The Icon of the Divine Heart of God the Father – 5

Brief History of God the Father in Iconography and Iconology: Post-Iconoclasm

Subsequent to the first iconoclastic persecution that occurred in the 7th century, the Quinisext Council of the universal Church addressed the issue of depicting Christ as a lamb, in venerable icons (Council in Trullo, 692/1969). Specifically, in the 82nd canon of the Council, the members formally decreed that Christ would be better depicted in His human form rather than as a lamb. So that the enormity of meaning of the humiliation, Passion, and death that He had suffered for the redemption of humankind, would be more easily comprehended by all people. Icons depicting God the Father were not addressed.

Following the second iconoclastic persecution that occurred throughout the 7th and 8th centuries, the Seventh Ecumenical Council of the universal Church addressed the issue of the veneration of icons (Second Council of Nicaea [Nicaea II], 787/1969; The Seventh General Council, 787/2007). Such a matter of focus was especially significant, because the iconoclastic persecutions had occurred precisely due to the suspicion that worshipping sacred images was idolatry.

Specifically, in Nicaea II, the Council members formally decreed that iconoclasm constituted heresy and that venerating icons was legitimate (Second Council of Nicaea, 787/1969; The Seventh General Council, 787/2007). They defined that, “In the same manner as the holy and life-giving cross, so shall holy images . . . be set forth in all the holy Churches of God . . . on walls and on doors, in houses and by the highways . . . For, in proportion as these are continually seen in images and pictures, so are the minds of the beholders aroused to the remembrance of and affection for their prototypes.” The Council members reached this conclusion based on Gn 31:34, Ex 25:19, Ez 41:18, Heb 9:5, Nb 7:89, and various writings of the Church Fathers.

A declaration of faith was made, regarding the veneration of sacred images (Second Council of Nicaea, 787/1969; The Seventh General Council, 787/2007). The Council members confirmed that the adoration and absolute worship of latreia was reserved for God alone, whereas the veneration and relative worship of proskynesis could be paid to any sign representing its prototype. They declared, “For he who worships an image worships in it the person of him who is represented thereby.” Such veneration was, according to the members, “agreeable to Scripture and reason, to the fathers and councils of the Church” (Gibbon, 1890, p. 400). In Act 6 of Nicaea II, the Council members also defined icons themselves as, “not like the original with respect to essence, but with respect to hypostasis” (Second Council of Nicaea 787/1969; The Seventh General Council, 787/2007).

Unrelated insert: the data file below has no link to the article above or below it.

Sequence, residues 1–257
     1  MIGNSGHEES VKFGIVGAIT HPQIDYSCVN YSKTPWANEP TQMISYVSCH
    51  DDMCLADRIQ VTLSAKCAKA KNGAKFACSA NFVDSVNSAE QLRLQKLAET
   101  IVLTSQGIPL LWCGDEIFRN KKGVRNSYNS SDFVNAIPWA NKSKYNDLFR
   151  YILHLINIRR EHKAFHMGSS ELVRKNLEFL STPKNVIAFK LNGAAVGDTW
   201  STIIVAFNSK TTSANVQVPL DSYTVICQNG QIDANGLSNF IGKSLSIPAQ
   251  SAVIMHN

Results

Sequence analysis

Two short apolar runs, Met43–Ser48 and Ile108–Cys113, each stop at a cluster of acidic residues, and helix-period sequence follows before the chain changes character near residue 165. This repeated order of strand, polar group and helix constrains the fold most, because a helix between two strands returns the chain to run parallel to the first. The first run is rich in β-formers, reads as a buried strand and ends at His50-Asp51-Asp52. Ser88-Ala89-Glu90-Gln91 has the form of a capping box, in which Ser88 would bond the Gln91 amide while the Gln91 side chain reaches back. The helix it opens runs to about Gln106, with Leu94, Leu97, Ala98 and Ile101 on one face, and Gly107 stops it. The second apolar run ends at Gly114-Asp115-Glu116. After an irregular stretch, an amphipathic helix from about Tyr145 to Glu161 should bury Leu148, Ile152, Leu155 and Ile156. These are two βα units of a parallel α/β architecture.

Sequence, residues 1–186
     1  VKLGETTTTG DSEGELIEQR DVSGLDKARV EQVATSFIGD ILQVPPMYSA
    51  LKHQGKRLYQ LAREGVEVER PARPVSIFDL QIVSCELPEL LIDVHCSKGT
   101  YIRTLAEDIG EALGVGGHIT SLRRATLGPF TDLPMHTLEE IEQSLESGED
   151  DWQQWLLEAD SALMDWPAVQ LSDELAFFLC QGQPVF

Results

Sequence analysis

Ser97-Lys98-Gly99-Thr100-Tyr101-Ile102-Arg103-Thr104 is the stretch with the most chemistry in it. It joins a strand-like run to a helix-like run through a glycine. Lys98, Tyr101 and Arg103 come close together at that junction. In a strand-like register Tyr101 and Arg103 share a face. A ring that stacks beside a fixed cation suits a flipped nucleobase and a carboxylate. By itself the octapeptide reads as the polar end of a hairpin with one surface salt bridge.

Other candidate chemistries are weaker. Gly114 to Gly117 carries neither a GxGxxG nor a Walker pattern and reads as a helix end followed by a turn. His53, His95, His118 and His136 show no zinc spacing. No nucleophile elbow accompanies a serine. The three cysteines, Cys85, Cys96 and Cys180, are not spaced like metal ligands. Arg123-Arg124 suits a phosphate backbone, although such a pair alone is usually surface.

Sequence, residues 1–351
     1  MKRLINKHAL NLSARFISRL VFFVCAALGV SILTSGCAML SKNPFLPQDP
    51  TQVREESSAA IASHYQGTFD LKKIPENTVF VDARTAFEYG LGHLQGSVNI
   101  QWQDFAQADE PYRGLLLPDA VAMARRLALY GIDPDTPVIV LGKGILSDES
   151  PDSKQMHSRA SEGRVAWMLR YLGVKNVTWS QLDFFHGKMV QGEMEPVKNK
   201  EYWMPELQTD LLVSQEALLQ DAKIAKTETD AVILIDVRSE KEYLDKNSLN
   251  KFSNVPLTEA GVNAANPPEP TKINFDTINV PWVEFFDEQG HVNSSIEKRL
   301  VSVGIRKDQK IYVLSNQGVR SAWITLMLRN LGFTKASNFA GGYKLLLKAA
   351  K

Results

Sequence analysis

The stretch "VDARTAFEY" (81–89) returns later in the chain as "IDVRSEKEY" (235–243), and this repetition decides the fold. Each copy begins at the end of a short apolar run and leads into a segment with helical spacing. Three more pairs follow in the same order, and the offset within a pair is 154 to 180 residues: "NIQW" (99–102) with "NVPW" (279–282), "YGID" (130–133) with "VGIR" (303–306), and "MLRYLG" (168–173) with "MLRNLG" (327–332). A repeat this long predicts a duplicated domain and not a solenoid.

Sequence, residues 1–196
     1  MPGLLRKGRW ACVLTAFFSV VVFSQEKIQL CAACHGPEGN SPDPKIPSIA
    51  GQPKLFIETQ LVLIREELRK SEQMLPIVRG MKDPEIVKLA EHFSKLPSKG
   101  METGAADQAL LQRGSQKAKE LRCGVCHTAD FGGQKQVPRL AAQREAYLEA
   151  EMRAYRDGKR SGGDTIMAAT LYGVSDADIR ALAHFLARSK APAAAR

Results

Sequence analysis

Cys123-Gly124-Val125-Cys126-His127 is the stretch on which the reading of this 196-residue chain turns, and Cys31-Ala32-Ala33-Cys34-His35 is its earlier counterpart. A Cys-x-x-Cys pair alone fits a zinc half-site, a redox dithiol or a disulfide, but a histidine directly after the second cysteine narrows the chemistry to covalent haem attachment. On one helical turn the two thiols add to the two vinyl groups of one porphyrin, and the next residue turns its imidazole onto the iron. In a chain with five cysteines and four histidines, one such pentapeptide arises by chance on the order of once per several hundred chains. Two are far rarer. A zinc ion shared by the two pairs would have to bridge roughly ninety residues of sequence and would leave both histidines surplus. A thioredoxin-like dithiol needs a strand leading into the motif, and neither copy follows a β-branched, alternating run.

Moreover, in Nicaea II, the Council members explicitly condemned those who would refute the aforementioned visions as theophanic (Second Council of Nicaea, 787/1969; The Seventh General Council, 787/2007). They specifically declared, “Eternal be the memory of those who know and accept and believe the visions of the prophets as the Divinity Himself shaped and impressed them . . . Anathema to those who do not accept the visions of the prophets and who reject the iconographies which have been seen by them, even before the Incarnation of the Word.” With regard to the veneration of sacred icons, the outcome of Nicaea II resulted in the Feast of the Triumph of Orthodoxy becoming established. A feast that is celebrated to this day, in both the Orthodox Church and the Eastern (Byzantine) Rite of the Catholic Church. Meanwhile, it should be noted that Nicaea II was the last ecumenical Council that was both held and recognized by the undivided, universal Church.

References

  • Council in Trullo. (692/1969). In The Seven Ecumenical Councils of the undivided Church: Their canons and dogmatic decrees. Nicene and post-Nicene Fathers, 2nd series, Vol. XIV. Grand Rapids, MI: Eerdmans.
  • Gibbon, E. (1890). Introduction of images into the Church. Chapter XLIX in Decline and fall of the Roman Empire. London: Gibbings.
  • Second Council of Nicaea. (787/1969). In The Seven Ecumenical Councils of the undivided Church: Their canons and dogmatic decrees. Nicene and post-Nicene Fathers, 2nd series, Vol. XIV. Grand Rapids, MI: Eerdmans.
  • The Seventh General Council: The second of Nicaea, held A. D. 787, in which the worship of images was established (787/2007; J. Mendham, trans.). Whitefish, MT: Kessinger.